Not only have I represented Lethbridge by sharing the thoughts and views of all its people with various ministers, I have worked extremely hard to put Lethbridge in the spotlight by bringing 18 ministers and the premier to Lethbridge over a six-month period in 2019. It is worth noting that this high engagement demonstrates the importance of Lethbridge to this government.

I am proud to represent Lethbridge and to be its voice in the Legislature, publicly and privately. >I will continue to advocate for all those who live in Lethbridge and seek funding for those projects that benefit the widest interests possible while being fiscally responsible – which is what a responsible government does.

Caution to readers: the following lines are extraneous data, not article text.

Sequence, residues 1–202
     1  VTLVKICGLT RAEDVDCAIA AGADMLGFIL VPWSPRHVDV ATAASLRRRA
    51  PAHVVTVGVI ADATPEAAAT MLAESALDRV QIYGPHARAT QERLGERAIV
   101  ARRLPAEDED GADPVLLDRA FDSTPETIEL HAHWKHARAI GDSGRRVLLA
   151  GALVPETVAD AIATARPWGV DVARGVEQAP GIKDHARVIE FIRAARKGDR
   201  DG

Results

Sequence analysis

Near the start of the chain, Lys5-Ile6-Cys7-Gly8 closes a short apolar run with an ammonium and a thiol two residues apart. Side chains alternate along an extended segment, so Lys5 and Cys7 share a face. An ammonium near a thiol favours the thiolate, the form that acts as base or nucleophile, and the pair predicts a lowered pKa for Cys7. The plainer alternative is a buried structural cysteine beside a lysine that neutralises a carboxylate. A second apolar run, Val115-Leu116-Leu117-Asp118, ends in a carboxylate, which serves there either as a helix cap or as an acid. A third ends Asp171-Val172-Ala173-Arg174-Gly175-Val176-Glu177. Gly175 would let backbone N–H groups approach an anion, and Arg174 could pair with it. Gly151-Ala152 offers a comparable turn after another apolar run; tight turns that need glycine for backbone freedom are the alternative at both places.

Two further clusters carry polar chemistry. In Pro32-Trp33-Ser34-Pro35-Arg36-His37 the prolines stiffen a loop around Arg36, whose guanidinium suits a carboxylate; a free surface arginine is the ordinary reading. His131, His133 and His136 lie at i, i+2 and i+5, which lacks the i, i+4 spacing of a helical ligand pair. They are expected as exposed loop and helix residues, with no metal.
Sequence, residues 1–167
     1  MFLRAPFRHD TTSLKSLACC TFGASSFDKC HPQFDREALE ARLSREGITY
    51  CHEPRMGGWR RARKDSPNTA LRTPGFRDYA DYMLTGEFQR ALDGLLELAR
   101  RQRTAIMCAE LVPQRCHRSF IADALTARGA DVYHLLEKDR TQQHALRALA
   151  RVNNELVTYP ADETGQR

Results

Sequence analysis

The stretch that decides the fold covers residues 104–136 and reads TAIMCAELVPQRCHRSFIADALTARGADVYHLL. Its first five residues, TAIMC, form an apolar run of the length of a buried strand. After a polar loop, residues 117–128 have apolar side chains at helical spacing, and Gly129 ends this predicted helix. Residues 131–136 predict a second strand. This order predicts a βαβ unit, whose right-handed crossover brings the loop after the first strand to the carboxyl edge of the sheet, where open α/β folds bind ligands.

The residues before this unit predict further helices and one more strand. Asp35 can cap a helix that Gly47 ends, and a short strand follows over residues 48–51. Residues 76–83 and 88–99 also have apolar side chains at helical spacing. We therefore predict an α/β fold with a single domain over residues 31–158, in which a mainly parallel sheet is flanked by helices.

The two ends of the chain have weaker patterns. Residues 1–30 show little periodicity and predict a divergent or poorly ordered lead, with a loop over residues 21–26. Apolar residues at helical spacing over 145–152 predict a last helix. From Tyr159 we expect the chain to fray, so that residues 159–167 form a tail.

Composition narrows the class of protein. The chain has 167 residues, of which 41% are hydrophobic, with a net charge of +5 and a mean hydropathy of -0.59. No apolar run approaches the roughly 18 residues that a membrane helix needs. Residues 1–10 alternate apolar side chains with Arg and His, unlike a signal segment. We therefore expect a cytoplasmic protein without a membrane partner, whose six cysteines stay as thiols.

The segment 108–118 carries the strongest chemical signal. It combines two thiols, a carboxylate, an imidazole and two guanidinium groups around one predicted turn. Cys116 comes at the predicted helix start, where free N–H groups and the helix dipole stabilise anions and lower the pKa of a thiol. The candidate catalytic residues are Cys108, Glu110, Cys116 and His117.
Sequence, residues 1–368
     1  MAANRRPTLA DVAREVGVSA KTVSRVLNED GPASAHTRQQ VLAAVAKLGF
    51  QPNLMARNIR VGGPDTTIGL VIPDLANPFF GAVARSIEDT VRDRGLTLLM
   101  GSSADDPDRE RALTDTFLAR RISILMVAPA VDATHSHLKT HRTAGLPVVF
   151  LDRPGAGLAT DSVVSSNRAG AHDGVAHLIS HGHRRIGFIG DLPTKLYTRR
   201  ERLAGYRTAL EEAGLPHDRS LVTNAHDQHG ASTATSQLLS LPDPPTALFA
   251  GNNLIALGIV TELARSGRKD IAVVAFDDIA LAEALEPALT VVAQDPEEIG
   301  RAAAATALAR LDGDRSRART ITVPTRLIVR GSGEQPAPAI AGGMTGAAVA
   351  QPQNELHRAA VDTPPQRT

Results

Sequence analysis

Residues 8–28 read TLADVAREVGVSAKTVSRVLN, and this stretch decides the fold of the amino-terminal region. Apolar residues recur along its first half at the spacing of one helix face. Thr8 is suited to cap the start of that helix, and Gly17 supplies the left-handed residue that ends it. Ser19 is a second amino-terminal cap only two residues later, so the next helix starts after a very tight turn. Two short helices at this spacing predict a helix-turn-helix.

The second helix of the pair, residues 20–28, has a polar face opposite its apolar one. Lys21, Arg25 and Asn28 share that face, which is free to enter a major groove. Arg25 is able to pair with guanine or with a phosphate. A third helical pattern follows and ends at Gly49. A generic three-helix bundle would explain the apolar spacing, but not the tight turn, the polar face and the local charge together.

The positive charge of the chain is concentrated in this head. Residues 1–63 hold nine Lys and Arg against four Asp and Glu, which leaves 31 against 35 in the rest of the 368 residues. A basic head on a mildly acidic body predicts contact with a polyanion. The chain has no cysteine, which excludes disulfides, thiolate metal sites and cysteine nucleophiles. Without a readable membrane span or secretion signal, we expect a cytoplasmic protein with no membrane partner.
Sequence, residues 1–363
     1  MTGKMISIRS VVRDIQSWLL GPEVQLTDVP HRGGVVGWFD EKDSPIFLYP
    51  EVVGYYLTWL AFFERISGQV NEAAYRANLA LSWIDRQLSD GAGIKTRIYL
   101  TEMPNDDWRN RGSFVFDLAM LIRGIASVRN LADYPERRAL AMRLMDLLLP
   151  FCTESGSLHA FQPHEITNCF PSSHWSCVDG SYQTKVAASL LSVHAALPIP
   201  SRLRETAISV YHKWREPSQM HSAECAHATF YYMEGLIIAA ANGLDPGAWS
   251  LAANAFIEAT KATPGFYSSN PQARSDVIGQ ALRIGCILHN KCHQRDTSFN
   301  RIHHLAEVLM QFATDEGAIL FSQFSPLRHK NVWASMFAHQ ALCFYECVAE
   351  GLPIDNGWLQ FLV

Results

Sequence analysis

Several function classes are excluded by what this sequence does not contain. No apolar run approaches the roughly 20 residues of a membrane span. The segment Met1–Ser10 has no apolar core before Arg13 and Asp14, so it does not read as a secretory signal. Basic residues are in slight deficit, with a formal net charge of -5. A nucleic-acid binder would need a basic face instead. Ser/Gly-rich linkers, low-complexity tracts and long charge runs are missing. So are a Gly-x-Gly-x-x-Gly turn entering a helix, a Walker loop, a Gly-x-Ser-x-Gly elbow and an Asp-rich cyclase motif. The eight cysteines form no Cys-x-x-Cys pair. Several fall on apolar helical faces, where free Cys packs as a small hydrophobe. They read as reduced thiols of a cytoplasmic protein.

Lethbridge is a strong, vibrant and diverse city. >Our economy is solidly agricultural with food production and transport as natural supporting elements. >We have one of the most collaborative models of education and advanced education in the province. > >

As a representative I am not a lobbyist, and I do not advocate for only those things that benefit me and my supporters. My personal commitment in my role as your MLA is that I will continue to show respect to those who criticize me, listen to those who blame me or my government, seek to speak on behalf of those who can’t speak for themselves, as well as serve everyone who lives in Lethbridge – because that’s the job I was elected to do.

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Well and clearly stated. Unfortunate that such misleading publicity occasioned it.